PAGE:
Dutch authorities probe RBS over Irish banker's €4.9m Amsterdam house
ROYAL Bank of Scotland (RBS) says it is co-operating with Dutch authorities investigating the bank's €4.9m purchase of a house from top Irish banker John Hourican in 2009.
Mr Hourican, a Dubliner, stepped down as head of the UK state-owned bank's global capital markets arm last month in the wake of the Libor rigging scandal.
He was not implicated in the interest-rate manipulation but took the fall as the executive in overall charge of the division of RBS that was involved.
Now it's a €4.9m sale of Mr Hourican's former home that is being looked at by the Dutch authorities.
Questions have been raised in the Netherlands over the true value of the property at the time when it was sold to his empl-oyer, RBS, in 2009.
Mr Hourican had bought the former residence of the late Wim Duisenberg, a prominent Dutch politician and the first head of the European Central Bank, for €4.7m in 2007, when he was transferred by RBS to work as CFO of ABN Amro, a Dutch bank that had been bought by his employer.
In 2009, after the bank had recalled Mr Hourican to London, the home was sold to RBS for €4.9m.
RBS placed it on the market soon afterwards for €3.9m and tried to sell the property over a period of years.
However, it remained unsold, despite the fact that it's location on Amsterdam's Diepenbrockstraat, one of the capital's most sought-after and prestigious residential addresses.
The bank eventually offloaded it in 2011 for a price that has since been reported as €3.25m in the Dutch press.
A spokesman for RBS told the Irish Independent: "We are not prepared to comment, other than to state that we are respectful of the investigation by the Dutch authorities and are co-operating fully with it."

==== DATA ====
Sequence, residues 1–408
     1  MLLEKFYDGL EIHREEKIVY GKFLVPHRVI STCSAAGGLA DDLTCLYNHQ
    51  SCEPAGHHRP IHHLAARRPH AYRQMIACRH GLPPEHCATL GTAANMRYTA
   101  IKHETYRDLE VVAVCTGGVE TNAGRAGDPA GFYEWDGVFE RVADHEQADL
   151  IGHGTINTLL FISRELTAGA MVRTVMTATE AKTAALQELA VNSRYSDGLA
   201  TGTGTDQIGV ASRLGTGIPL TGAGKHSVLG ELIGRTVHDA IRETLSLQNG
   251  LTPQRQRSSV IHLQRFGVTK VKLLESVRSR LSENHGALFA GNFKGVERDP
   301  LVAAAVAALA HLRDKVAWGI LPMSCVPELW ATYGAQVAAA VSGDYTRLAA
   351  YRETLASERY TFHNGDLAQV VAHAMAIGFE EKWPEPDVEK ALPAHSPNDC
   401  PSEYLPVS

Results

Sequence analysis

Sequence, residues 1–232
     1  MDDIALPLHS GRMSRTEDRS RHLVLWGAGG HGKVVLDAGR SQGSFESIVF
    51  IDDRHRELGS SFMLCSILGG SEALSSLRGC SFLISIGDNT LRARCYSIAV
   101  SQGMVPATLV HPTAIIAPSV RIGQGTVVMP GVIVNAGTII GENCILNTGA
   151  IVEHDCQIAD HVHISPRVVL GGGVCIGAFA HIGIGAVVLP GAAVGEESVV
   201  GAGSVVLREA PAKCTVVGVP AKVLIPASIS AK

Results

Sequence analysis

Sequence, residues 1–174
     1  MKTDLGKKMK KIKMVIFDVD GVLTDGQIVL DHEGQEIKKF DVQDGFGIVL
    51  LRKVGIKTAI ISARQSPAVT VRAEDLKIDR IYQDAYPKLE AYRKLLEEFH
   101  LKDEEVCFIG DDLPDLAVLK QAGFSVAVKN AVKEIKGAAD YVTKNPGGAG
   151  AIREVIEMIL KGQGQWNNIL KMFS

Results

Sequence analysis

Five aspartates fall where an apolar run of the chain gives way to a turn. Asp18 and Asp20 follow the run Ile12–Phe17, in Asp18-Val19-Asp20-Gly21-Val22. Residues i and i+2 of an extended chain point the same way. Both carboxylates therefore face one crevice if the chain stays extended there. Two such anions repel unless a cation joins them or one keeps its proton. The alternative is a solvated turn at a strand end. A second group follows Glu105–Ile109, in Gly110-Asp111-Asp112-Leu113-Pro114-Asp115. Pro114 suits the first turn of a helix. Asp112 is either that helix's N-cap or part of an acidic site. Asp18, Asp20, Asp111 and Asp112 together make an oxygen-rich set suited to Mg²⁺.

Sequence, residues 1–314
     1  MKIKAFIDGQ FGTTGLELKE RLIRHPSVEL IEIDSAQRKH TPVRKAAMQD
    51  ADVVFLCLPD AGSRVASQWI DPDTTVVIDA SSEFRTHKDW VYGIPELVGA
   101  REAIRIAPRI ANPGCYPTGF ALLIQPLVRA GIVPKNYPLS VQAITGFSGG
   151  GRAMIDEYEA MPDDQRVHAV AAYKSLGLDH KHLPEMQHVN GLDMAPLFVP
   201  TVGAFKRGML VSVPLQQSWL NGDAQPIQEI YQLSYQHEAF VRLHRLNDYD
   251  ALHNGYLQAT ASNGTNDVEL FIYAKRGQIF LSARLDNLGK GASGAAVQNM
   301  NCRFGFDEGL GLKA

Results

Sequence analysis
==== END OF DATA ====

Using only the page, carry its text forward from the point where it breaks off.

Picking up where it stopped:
Mr Hourican was not available for comment but his spokesman told this newspaper that he had lost money on the Dutch property.
"John bought the house and spent a lot of money on it, including stamp duty and the cost of refurbishment," said the spokesman.
"He was only living there a short time when the bank asked him to move again, this time back to London.
"It had been a standard term of practice for the bank to compensate employees for the cost and inconvenience of having to move like this.
"When it came to the valuation of the property, the bank employed three independent valuers, as was its standard practice, and it accepted the mid-ranging version. At the end of the day, it is worth noting that he still lost money on the sale."
A spokesman for the Dutch tax authorities added: "We cannot comment on individual cases as this is against the law, but generally speaking a house which sells above what would appear to be the standard market value does not escape our attention and is something that we will tend to investigate."
Since selling the Dutch property, Mr Hourican bought a luxury home in Dublin 4, on Ailesbury Road, for €4.625m in 2011 and he is now based back in Dublin.
Critics of his resignation in the UK have asserted that Mr Hourican was unfairly sacrificed in order to protect board members.
They argue that the Libor offences were committed before his appointment and without his knowledge and that he had done a good job of getting RBS back into shape.